At Tue Feb 19, 04:46:00 AM, Blogger Peter Kirk said...

Steve, it would be presumptuous of us to imitate God if God had not both told us to do so and, in Jesus, provided us a human example of how he intends it to be done within the limitations of a human body and mind.

Kurk, you wrote:

Or is Jesus possibly quoting the old Hebrew verbatim, and then Matthew and Mark are translating that into Greek? (This is unlikely as the scriptures quoted seem to be directly or paraphrased from LXX)

Here you seem to discount the possibility that the LXX as we have it has been adjusted to match the NT quotations from the OT. This is perfectly possible as the earliest surviving MSS of LXX, apart from some fragments, are from Christian sources well into the Christian era. There are in fact known places where LXX (at least in some MSS) quotes the NT: see for example Psalm 13:3 LXX, corresponding to 14:3 in English versions, where there is a long insertion taken from Romans 3:13-18 made up of quotations from elsewhere in the OT.

 
At Tue Feb 19, 09:06:00 AM, Blogger J. K. Gayle said...

Wayne replies:

I can also say that I was focusing on narrative and epistle type material which did not include quotes which can suffer from the unnaturalness issues you correctly bring up.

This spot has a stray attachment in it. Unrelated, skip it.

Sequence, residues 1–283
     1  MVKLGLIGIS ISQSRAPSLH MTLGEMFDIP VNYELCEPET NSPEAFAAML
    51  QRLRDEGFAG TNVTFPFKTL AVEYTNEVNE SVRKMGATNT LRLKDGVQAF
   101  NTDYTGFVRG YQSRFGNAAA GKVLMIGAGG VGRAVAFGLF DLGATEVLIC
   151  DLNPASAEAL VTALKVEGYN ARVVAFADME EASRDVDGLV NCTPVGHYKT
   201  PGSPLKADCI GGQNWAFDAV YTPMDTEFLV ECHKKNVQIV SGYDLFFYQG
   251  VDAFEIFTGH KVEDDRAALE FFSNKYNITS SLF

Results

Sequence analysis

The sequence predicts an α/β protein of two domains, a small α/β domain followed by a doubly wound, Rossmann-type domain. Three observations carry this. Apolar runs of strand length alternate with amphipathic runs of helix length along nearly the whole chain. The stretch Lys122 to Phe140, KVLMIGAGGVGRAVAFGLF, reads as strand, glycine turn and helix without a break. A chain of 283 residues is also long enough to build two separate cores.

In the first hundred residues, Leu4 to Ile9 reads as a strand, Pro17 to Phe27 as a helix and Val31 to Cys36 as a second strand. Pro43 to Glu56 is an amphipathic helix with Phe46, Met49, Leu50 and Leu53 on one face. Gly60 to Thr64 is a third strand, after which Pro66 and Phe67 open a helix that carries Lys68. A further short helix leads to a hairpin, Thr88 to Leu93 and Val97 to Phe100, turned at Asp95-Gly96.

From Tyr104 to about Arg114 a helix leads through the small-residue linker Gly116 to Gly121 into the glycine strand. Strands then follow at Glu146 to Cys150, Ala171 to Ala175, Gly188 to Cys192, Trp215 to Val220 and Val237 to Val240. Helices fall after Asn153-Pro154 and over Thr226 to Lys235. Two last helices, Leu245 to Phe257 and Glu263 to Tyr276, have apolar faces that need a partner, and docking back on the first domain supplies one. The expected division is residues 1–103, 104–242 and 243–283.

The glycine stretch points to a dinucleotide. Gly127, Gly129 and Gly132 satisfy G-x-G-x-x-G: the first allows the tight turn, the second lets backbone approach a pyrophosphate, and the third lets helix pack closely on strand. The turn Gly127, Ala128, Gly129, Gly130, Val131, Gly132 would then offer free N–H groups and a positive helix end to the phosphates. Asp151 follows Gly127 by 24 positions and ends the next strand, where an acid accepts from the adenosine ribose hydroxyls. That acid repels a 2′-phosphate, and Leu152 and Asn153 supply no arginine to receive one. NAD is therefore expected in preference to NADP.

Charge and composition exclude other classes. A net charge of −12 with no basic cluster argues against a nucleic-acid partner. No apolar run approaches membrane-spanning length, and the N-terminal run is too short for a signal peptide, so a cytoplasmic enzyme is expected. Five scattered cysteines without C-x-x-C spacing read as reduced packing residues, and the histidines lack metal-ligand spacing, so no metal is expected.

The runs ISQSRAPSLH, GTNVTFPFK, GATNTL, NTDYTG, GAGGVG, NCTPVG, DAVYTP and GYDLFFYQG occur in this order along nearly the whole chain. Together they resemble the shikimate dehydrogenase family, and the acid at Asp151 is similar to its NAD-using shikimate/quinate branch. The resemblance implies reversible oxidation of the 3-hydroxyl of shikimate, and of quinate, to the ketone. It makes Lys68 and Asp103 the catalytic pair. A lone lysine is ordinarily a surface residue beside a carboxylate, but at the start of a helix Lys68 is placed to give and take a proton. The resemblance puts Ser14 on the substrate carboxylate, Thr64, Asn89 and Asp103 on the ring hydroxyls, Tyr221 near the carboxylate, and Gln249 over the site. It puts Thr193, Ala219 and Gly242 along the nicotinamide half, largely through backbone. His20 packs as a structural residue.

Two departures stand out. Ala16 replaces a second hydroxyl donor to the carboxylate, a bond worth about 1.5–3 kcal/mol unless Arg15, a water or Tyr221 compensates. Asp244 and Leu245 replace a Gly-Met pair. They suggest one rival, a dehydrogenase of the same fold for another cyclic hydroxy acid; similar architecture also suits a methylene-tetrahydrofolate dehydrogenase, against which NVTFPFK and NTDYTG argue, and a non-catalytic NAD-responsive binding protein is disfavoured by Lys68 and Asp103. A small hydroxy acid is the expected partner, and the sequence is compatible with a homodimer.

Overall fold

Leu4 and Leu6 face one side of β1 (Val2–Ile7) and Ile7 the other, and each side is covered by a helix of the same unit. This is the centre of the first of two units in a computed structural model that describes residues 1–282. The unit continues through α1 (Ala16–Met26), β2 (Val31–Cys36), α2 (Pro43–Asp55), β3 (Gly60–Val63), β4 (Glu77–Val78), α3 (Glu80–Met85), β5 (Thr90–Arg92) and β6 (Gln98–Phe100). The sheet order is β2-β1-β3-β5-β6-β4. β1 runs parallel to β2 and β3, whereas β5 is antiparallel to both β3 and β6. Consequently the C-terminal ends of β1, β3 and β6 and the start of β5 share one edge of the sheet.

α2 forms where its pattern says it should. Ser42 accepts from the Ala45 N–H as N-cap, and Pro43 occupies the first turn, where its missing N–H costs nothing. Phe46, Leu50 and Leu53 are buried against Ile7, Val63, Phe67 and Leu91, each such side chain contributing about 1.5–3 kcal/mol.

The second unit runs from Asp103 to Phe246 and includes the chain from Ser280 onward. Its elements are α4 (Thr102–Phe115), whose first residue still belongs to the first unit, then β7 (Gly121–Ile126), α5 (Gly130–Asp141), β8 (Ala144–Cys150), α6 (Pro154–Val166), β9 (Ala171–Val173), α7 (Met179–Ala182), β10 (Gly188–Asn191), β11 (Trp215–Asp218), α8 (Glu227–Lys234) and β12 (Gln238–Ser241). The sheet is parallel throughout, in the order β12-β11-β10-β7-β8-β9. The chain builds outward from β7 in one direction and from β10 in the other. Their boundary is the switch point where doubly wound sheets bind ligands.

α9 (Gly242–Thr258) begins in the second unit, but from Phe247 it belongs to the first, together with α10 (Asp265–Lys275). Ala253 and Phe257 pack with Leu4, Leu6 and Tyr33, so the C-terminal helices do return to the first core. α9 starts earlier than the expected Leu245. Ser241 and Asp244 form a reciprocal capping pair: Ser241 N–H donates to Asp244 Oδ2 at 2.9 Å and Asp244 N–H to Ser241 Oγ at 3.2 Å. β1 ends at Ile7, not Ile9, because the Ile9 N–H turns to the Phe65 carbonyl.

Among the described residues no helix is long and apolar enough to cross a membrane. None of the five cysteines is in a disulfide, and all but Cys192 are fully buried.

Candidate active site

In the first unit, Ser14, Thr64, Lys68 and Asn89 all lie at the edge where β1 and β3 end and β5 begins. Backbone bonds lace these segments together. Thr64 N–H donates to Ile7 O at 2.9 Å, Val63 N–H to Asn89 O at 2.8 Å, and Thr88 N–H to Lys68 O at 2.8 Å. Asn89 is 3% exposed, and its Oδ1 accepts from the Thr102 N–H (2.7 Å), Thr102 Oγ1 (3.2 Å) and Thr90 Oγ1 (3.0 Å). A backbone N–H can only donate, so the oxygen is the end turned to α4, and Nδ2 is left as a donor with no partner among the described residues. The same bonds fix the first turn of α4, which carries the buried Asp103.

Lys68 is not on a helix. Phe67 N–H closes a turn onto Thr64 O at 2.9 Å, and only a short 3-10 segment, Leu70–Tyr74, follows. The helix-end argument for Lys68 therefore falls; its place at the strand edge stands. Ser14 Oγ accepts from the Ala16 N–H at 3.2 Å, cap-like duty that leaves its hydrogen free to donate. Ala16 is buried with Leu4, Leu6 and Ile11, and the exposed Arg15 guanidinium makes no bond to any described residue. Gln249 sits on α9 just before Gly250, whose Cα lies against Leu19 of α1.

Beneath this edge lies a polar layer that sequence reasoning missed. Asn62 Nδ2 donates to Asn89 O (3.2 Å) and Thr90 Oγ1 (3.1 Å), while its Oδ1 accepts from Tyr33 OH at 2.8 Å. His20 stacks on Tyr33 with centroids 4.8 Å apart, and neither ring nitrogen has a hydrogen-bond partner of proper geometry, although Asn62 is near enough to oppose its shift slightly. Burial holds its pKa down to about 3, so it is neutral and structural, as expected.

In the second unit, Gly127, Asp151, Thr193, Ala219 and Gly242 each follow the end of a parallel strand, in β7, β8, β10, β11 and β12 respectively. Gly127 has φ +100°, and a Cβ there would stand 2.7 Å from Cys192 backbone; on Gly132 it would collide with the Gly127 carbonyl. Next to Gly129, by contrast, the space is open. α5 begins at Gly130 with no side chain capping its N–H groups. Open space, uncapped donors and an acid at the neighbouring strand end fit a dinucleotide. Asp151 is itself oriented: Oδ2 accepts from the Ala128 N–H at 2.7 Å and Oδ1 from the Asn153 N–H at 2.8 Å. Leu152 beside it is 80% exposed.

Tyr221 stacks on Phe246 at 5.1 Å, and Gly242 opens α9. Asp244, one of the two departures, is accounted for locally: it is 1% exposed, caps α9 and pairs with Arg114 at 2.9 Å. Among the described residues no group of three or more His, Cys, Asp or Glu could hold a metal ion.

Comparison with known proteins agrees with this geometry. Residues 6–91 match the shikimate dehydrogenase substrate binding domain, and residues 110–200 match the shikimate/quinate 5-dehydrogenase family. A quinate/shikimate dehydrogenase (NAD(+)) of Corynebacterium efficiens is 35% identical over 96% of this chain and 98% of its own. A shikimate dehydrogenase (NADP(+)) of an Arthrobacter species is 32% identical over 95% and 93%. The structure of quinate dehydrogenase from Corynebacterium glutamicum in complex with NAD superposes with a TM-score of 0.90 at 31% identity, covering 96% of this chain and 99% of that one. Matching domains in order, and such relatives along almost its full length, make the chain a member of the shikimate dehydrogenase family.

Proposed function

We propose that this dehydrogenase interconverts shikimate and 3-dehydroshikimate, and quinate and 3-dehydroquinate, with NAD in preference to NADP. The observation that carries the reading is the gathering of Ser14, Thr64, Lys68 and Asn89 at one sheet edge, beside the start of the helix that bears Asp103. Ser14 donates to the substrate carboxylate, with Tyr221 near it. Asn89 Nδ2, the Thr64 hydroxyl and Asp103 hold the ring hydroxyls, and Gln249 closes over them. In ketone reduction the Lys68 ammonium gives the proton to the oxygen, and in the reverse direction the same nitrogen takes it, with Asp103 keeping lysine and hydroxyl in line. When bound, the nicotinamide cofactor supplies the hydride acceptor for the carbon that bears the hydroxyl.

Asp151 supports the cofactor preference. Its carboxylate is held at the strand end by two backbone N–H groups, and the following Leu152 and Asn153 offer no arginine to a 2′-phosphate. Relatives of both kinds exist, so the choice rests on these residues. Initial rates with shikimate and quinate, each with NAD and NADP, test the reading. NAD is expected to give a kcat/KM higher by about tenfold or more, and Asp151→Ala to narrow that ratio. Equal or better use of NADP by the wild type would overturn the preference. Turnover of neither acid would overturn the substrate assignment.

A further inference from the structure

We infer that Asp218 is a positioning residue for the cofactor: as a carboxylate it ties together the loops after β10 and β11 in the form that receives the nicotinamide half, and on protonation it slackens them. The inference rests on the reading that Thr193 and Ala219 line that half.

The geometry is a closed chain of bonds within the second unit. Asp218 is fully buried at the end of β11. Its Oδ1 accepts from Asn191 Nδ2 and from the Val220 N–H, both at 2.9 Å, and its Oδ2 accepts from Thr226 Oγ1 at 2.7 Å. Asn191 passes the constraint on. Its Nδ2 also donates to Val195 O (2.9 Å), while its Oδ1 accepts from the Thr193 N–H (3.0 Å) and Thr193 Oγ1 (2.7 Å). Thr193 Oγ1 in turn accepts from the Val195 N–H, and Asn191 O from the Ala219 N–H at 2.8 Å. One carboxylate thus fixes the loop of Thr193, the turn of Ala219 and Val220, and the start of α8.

Fair enough. But Paul's οὖν ("oun" or "therefore") seems to point us back directly enough to his quotations of Zechariah and of David, which Paul also translates to Greek. And aren't all of our English translations now quotations of the writers of Hebrew, Aramaic, and Greek texts? I'm really not trying to make sharp points here, but my dull mind can't seem to get around the practices of the earliest simultaneous translators or literal textual translators of the Bible.

Peter replies:

Here you seem to discount the possibility that the LXX as we have it has been adjusted to match the NT quotations from the OT.

Also a very good point and a definite possibility. So in I Cor. 15:45, maybe Paul actually wrote something like γήινος ("geinos" or "earthling") as his translation of the word play in אֶת־הָאָדָם, which gets spoiled by the later LXX match and the editor's later transliteration Ἀδὰμ ("adam"). The transliteration is, we see, inserted over and around Paul's quotation of Genesis 2:7--he's trying to say that the first earthling of earth is like the last one who came from the sky. But the Greek speakers in Corinth already have ἄνθρωπος of the earth in sharp contrast with any θεός of the sky, which makes the transliteration of the Hebrew odd Greek. Could Paul have really written/translated it thusly: ἐγένετο ὁ πρῶτος ἄνθρωπος Γήινος εἰς ψυχὴν ζῶσαν ὁ ἔσχατος Γήινος εἰς πνεῦμα ζῳοποιοῦν? The speculative possibilities should say something helpful for our contemporary English translation practice (and theory based in good practice). But do they?

 
At Tue Feb 19, 09:31:00 AM, Blogger Wayne Leman said...